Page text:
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Prepare your greenhouse for spring

With fewer outdoor gardening tasks to be done, winter is the ideal time to reorganise your greenhouse, in preparation for spring. By de-cluttering, having a thorough clean and adding a few items of kit, you can create the optimum growing conditions for your crops.

Choose a full day and start by having a good clear out, evicting all the things that shouldn’t be there. Next, gather together all the useful kit you have and give it a clean.

Once you've cleared and cleaned, you can take stock of what you need for the growing season ahead. Discover how to ventilate, shade and heat your greenhouse, below.


Add greenhouse vents

Add greenhouse vents

Insufficient ventilation is one of the main reasons why greenhouse plants suffer from fungal diseases. To combat this, you need to ensure there are enough openings, and that they’re positioned correctly to allow good air circulation through the greenhouse. Ideally this would include two slatted vents located low down on either side, and two roof vents at the top.

If you can, invest in an automatic vent-opener. On hot days it could be a life-saver for your plants. If you forget to open the vents for any reason, the automatic opener will ensure that hot air can still escape, preventing plants from shrivelling.

Use shade netting

Use shade netting

In summer, you need to protect plants from harsh sun, so invest in shade netting to throw over each side of the greenhouse. You can also fit indoor blinds, but these are expensive and may knock into pots and growing bags.

Install electricity

Install electricity

Installing electricity in a greenhouse is expensive, but is well worth it as it opens up so many possibilities. Not only will it allow you to have a good light source to work by in the evenings, but you can also plug in a propagator or heated mat, which means no more trays of seedlings cluttering up the house. It also allows you to run an electric heater with a thermostat, which only uses power when you need it.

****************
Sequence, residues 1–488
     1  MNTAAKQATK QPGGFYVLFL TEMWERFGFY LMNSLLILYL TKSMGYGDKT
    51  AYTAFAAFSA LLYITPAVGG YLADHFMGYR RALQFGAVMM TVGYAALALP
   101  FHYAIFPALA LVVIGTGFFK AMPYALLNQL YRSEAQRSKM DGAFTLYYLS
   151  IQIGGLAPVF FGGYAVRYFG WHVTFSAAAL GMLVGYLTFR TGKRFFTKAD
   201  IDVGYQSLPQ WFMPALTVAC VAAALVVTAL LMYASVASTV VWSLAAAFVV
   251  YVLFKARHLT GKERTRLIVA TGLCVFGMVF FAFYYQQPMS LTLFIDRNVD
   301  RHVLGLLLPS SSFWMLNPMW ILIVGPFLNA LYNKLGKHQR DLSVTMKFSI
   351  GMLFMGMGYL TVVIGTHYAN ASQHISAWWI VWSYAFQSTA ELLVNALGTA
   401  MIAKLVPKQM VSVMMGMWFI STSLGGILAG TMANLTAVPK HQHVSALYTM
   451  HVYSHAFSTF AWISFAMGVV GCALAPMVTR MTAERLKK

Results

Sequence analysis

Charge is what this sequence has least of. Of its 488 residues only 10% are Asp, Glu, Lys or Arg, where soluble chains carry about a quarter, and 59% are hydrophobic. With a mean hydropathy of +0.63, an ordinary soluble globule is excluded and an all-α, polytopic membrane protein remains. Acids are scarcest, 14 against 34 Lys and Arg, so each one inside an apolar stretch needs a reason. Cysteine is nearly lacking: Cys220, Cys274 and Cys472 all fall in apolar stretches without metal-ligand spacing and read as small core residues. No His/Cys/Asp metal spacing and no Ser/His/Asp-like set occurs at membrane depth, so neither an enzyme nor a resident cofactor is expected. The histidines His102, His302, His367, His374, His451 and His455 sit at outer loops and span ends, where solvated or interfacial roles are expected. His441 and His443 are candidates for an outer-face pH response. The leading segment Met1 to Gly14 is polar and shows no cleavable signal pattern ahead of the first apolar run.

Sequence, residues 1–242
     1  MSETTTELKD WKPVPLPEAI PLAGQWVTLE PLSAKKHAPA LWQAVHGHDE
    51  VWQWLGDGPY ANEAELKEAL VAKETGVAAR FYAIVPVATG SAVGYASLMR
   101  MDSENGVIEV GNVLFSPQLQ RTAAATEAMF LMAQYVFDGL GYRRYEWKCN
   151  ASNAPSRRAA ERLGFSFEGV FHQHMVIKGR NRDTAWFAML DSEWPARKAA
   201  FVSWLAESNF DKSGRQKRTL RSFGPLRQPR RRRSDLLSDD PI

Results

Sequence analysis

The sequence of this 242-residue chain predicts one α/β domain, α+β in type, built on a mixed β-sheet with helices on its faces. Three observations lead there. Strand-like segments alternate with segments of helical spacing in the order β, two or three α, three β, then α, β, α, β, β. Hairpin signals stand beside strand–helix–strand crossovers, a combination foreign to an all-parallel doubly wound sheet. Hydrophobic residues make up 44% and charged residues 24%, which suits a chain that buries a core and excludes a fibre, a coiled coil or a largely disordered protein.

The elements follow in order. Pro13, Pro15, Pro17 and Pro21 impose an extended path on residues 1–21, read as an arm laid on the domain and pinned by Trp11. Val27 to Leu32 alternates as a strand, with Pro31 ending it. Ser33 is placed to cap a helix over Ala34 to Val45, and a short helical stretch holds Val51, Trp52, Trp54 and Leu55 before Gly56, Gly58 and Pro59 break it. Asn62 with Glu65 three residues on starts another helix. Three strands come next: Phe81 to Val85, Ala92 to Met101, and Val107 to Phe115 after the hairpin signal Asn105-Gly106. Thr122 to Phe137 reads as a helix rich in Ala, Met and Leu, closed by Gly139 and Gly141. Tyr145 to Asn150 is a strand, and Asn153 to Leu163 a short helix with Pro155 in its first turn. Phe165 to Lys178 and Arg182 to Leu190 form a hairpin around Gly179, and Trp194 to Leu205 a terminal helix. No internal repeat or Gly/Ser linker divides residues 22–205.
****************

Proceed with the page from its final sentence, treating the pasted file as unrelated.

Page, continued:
The high cost is due to the fact that you need a qualified electrician to install power. Don’t do it yourself – not only is it illegal, it’s also very dangerous.

Generate heat

Generate heat

A source of heat will extend your growing season and increase the range of plants you can grow. If you have a power supply, a heater with an automatic thermostat will do the work for you. To keep the greenhouse frost free in winter, aim for 4°C or above. If you don’t have power, you can use a greenhouse paraffin heater, although these need attending to usually twice a day. You can also use a propagator as a 'greenhouse within a greenhouse', providing added protection.

Maximum-minimum thermometers are invaluable – but buy two so you can monitor temperatures at either end of the greenhouse, and then position your heater where it will be most effective.

Store water

Store water

Plants in greenhouses need much more water than those outside, so be prepared. Most also prefer rainwater to tap water, so a water butt (or two) connected to the downpipes is a good idea. They’re easy to install, along with gutter kits that fit a wide range of greenhouses.

Keep a bucket filled with ambient-temperature water – chilly water from outdoors can give plants a shock. It’ll also boost humidity on hot days.

If your outdoor tap is some distance from your greenhouse, run a hose to it, fitted to a post. It’ll save you carrying lots of heavy watering cans.

Buy growing bags

Buy growing bags

In a greenhouse you have three main options on where to grow your plants – in pots, growing bags or border soil. Border soil needs regular replenishing or sterilising to prevent pests and diseases building up, so using growing bags and pots is often more sensible. Once you’ve harvested the crops, you simply add the spent compost to the compost heap and start again, with no worries about soil-borne diseases lingering into following years.




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Talkback: Prepare your greenhouse for spring
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trigger20 07/01/2012 at 19:56

I got my first green house last year and grew tomatoes which unfortunately got blight. It was mentioned that i should have used tap water instead of rain water. Is there a possibility this disease will carry through into this year if I grow a tomato crop again. Thank you

Lulu3 06/03/2012 at 19:24

In relation to automatic vent openers, be aware that on a windy day, with sun, the windows will open automatically and the force of the wind can whip out the glass - as happened to me!